I don't think branding is always bad. I've worked under the Lovaas Model of Applied Behavior Analysis for the past 15 years. The Early Start Denver Model deserves praise for this recent 2009 study. Branding can be a good thing. Branding of autism interventions provides a general package for delivery, including both a general curriculum and teaching procedures to follow. This general information can serve as a strong foundation for a child's intervention, particularly when there's empirical data to support the brand. However, I suggest the following guidelines for branding.

  1. One general term should be agreed upon (i.e., behavioral treatment, ABA, intensive behavioral therapy, etc.) as a general umbrella term under which all brands fall. When discussing their brand, individuals should always start by disclosing that their brand falls under this general term. For example, in these guidelines I'll use "ABA therapy" as the general term.
  2. Branding can continue for general interventions in ABA therapy (i.e., those interventions with a general curriculum and teaching procedures), but branding should be avoided when talking about specific procedures (e.g., discrete trial teaching vs. natural environment teaching, errorless learning vs. no-no-prompt, etc.) unless that new brand technique is observably and measurably distinct from other procedures, precisely defined, and demonstrated to be of enough significance that the technique deserves a separate name.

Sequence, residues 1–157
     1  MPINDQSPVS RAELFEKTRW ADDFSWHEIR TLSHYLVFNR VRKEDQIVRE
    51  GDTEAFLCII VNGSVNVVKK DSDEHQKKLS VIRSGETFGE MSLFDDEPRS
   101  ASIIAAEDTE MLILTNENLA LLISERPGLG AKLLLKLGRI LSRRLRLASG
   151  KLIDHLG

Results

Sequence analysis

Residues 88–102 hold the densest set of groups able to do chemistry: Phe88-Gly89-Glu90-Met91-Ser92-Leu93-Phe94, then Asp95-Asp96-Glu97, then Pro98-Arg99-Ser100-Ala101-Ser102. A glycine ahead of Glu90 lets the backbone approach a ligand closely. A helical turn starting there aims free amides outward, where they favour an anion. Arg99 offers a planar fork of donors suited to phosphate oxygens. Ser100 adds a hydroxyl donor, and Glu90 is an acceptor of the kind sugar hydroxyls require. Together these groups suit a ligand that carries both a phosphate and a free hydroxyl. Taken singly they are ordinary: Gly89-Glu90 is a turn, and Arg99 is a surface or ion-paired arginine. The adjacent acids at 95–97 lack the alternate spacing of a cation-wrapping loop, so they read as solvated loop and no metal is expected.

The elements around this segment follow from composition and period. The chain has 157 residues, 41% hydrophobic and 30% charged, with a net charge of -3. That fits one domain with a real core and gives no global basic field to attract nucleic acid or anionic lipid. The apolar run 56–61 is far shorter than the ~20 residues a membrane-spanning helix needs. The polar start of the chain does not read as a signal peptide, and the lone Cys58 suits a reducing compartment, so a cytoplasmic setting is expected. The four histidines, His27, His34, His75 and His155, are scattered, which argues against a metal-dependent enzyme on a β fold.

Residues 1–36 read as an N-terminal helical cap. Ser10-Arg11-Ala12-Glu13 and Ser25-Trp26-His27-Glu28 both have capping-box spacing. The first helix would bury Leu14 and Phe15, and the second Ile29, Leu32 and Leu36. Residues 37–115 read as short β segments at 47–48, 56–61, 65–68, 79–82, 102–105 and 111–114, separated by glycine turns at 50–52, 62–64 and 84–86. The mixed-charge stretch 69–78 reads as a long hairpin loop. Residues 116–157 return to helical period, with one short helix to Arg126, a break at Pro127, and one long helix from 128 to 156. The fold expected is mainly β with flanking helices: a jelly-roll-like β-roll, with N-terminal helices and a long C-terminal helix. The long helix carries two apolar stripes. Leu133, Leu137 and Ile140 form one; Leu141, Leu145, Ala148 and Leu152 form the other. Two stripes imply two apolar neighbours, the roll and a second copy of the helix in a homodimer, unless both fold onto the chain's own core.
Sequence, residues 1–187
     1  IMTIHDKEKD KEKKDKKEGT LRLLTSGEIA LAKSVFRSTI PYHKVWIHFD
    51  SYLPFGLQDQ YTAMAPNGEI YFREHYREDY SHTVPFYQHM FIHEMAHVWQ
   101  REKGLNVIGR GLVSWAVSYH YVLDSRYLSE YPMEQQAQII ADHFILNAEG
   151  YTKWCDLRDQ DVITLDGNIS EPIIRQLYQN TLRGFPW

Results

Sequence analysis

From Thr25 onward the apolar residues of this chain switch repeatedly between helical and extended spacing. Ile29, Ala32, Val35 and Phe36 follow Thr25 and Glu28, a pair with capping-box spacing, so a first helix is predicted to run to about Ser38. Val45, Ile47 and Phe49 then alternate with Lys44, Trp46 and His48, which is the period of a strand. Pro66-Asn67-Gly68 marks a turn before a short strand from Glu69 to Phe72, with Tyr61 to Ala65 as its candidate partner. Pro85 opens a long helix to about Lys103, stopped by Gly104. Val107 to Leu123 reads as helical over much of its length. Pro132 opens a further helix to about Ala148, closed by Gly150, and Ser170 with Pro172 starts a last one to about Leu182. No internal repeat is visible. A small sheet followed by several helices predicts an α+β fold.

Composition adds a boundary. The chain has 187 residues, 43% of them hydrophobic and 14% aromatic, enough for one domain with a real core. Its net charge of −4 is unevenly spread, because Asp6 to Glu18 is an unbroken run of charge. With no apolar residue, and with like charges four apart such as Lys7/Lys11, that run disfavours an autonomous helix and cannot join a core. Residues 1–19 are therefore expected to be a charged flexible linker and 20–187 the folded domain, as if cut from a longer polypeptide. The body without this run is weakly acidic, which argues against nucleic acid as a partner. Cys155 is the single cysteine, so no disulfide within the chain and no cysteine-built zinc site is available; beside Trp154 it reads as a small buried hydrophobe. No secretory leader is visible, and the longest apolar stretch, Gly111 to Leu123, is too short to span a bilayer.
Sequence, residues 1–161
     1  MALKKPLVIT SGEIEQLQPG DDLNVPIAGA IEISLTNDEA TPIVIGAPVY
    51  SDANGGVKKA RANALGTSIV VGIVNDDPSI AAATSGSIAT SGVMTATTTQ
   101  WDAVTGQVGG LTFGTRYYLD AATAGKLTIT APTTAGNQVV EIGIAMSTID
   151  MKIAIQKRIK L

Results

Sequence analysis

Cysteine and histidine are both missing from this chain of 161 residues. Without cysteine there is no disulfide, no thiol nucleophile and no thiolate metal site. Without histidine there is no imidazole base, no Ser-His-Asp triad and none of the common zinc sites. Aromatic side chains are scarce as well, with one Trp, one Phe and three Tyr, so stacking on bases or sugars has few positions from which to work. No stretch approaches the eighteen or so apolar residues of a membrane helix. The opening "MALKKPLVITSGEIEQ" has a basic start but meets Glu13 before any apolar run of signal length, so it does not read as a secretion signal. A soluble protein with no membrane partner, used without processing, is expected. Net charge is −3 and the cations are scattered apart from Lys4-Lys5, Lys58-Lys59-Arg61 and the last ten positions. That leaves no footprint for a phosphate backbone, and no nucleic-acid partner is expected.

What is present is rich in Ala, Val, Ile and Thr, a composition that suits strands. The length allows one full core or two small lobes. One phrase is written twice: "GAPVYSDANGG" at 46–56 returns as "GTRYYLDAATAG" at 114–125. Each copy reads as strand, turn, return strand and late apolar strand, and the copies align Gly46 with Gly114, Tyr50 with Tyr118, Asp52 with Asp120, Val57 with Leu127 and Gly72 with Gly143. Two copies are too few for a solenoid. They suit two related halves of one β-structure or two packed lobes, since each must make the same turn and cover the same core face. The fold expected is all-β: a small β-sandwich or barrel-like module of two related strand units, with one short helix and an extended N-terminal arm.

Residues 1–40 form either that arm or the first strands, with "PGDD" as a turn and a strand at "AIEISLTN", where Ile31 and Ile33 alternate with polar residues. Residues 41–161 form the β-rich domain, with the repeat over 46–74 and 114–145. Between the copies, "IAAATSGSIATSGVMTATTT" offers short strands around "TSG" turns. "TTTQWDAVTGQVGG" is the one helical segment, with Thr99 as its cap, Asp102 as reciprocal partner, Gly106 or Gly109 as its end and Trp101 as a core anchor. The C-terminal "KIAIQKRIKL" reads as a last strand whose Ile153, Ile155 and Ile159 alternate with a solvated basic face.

3. Individuals who brand general interventions in ABA therapy need to be careful to clarify what observably and measurably distinguishes one brand from another and what procedures, guidelines, etc. are common to other ABA therapy brands.
  4. Individuals who brand general interventions should be careful not to contribute to the misinformation of other ABA therapy brands by supporting any claims they make about that other ABA therapy brand with observable evidence.
  5. Brand names should not be used in research literature unless the brand itself is actually the focus of the research.